Located in the Mid City neighborhood of New Orleans at S. Jeff Davis and D'hemecourt, Comiskey Park is a recreation space for hundreds of low income children. In the past year, their have been six armed robberies within a block away and hundreds of dollars in equipment has been stolen from the park. Please help us raise money to place 12 highly proven ProjectNOLA High Definition crime cameras around Comiskey so that we may better make the park a safe haven for neighborhood children.
A 501(c)3 non-profit developed to help decrease New Orleans crime by increasing public awareness and police efficiency, Project NOLA has created what has likely become the largest, most successful, and most cost efficient city-wide High Definition crime camera system in America! With over 1300 HD cameras already in place about the city, Project NOLA often provides real-time supplemental information to NOPD officers and detectives responding to breaking crimes and dangerous situations.
Please help us protect the city we love by providing a tax-deductable donation to Project NOLA! Please visit ProjectNOLA.com to learn more about the Project NOLA non-profit crime camera system or to get your own crime camera!
About the ProjectNOLA non-profit crime camera system:
Designed by criminologist and former NOPD police officer, Bryan Lagarde, to help decrease crime by dramatically increasing the efficiency of the New Orleans Police Department, the Project NOLA non-profit crime camera system was introduced in 2010 and frequently provides vital real-time situational awareness to police officers and detectives responding to major crimes and dangerous situations. A 501(c)3 non-profit organization, Project NOLA was created without the aid of tax money or federal grants and is the world's most cost efficient city-wide crime camera system. Now featuring over 1400 High Definition day/night IR cameras, the Project NOLA crime camera system has become the largest networked HD city-wide crime camera system in America. Given the many major criminal cases Project NOLA has helped close via arrest and warrant, it’s crime camera system is believed to be the most successful city-wide crime camera system in America. During a 30 day period in the Fall of 2013, Project NOLA's crime camera system assisted NOPD Homicide detectives with about 66% of their new cases, some of which will be highlighted during A&E's 2014 season of "The First 48" homicide investigations documentary TV program.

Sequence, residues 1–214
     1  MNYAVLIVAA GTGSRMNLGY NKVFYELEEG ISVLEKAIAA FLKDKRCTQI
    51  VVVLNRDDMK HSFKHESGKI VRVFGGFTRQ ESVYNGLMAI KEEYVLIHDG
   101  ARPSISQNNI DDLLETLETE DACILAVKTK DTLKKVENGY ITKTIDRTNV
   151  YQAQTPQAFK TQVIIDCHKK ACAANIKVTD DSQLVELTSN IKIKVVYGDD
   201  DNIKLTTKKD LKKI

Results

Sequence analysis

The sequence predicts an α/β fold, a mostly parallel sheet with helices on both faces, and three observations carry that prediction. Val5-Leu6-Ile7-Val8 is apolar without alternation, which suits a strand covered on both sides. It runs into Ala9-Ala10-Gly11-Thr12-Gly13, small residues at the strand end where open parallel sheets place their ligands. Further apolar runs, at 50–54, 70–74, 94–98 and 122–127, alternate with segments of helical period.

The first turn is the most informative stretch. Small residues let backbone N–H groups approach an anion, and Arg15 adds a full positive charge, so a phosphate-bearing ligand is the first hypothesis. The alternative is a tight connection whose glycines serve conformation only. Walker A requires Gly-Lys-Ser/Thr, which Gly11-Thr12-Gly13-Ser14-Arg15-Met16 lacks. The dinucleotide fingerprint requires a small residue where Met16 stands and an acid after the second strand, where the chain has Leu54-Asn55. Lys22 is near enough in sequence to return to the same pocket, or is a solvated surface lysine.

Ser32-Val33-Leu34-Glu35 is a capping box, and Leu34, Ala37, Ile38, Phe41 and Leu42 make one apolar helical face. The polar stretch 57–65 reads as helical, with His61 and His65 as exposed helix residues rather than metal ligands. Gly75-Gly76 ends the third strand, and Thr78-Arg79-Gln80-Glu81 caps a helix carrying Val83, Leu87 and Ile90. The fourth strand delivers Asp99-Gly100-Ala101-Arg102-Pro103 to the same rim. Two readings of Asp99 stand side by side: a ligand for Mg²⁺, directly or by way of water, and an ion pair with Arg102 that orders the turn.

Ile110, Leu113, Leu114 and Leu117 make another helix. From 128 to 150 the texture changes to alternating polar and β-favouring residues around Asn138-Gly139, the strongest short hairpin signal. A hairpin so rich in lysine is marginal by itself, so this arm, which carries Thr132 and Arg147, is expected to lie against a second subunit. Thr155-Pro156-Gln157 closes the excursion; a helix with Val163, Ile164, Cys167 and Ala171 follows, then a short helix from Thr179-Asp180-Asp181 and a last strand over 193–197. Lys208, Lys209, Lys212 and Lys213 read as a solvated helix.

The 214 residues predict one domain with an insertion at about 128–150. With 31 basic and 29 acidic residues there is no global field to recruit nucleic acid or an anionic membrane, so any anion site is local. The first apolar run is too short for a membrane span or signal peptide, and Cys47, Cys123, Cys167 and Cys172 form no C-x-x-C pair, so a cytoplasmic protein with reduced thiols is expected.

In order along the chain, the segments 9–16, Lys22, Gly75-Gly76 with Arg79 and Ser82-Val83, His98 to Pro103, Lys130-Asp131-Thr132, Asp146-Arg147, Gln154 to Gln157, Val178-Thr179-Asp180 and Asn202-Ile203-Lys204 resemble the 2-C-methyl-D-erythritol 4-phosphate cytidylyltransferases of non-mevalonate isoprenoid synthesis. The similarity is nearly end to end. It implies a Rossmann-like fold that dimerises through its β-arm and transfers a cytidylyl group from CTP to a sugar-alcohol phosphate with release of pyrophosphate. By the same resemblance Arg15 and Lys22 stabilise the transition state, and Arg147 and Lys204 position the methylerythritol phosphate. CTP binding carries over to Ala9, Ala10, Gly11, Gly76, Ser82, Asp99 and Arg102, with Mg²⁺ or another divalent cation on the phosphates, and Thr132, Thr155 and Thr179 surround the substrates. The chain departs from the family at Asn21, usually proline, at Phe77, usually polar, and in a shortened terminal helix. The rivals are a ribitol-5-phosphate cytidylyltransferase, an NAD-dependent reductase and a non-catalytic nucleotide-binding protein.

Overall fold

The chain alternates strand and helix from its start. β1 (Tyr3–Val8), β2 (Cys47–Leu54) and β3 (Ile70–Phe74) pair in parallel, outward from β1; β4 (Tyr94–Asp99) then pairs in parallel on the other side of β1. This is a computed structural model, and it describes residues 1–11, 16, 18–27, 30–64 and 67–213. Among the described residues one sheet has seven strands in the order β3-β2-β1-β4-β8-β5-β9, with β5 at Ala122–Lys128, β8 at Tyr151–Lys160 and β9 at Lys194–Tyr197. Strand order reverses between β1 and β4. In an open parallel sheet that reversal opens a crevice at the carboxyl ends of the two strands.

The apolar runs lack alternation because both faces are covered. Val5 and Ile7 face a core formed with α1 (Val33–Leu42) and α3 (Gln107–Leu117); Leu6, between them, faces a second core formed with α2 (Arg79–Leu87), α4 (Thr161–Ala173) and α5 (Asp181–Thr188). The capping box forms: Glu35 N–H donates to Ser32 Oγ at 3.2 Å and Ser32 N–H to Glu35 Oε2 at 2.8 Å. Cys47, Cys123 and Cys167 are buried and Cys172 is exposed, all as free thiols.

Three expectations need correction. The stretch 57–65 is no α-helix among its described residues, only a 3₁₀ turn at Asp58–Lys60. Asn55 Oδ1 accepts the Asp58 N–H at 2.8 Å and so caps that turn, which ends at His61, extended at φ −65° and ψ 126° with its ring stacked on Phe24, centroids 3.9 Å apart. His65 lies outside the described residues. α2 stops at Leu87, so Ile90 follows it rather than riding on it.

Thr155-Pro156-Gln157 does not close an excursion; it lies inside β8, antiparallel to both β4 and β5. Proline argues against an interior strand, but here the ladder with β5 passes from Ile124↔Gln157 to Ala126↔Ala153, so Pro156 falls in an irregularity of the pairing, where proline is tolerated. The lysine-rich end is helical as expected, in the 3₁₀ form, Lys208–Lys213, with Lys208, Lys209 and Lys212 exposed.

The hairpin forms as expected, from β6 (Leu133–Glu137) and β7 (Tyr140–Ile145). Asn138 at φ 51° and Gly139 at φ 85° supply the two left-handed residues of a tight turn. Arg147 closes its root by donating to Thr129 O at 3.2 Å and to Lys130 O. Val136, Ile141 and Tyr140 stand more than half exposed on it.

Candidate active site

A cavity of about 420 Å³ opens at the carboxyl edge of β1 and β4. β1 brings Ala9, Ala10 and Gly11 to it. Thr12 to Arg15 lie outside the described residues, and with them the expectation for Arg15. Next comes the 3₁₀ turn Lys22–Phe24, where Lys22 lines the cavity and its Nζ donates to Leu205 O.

Project NOLA in New Orleans:
As a free service to the people of New Orleans, Project NOLA actively seeks local residents, property and business owners who may wish to participate by either hosting a Project NOLA HD crime camera or allowing Project NOLA access to existing outdoor cameras. For those who do not already have surveillance cameras, CCTVwholesalers.com may provide official Project NOLA self-install HD crime camera kits for only $346 for single-camera kits or $799 for four-camera D-I-Y kits. Optionally, crime camera kits may be professionally installed for only $150/camera. Crime cameras are placed on private property, pointed towards a public thoroughfare or park, and connect to the host’s broadband Internet connection to transmit a video feed to the Project NOLA control room.
Often recording over 27x higher resolution than typical surveillance systems, those who host a Project NOLA HD crime camera may view and record their camera’s feed via compatible smart phones, iPads, tablets, and PCs. Free of charge, Project NOLA records the Internet video feed from each crime camera. From it’s control center, Project NOLA monitors NOPD police dispatches and has direct access to the NOPD command desk. When a citizen calls 911 to report trouble, Project NOLA may begin viewing nearby crime cameras in effort to provide responding NOPD units with real-time supplemental information. Should the emergency warrant a police detective, Project NOLA often transmits footage to responding detectives before they even have time to arrive at the crime scene. NOPD detectives also frequently request Project NOLA’s assistance when following up on leads involving major crimes that crime cameras may provide vital information on.
Project NOLA works extensively with property and business owners, churches and schools, civic groups, special improvement taxation districts, and governmental entities, and appreciates the opportunity to speak at meetings. In some neighborhoods where additional grant or supplemental money may be applied, official Project NOLA crime camera kits may be provided free of charge or at even lower discounted pricing, and/or professional install may be provided free of charge.
Designed by citizens to help protect citizens, funded and managed by a non-profit, and developed with a keen concern on public privacy, the Project NOLA crime camera system only maintains recorded video footage for about 10 days before being overwritten. Only three Project NOLA staff members have access to the protected system, and each staffer has signed a nondisclosure agreement. Video feeds are not actively watched unless the Project NOLA staff is assisting with an emergency, which normally result from a citizen calling 911 regarding a situation that nearby crime cameras may assist with. Video footage may only be provided to law enforcement as a result of a crime or dangerous situation, and law enforcement requests for video footage are logged with an accompanying police item number and signal code.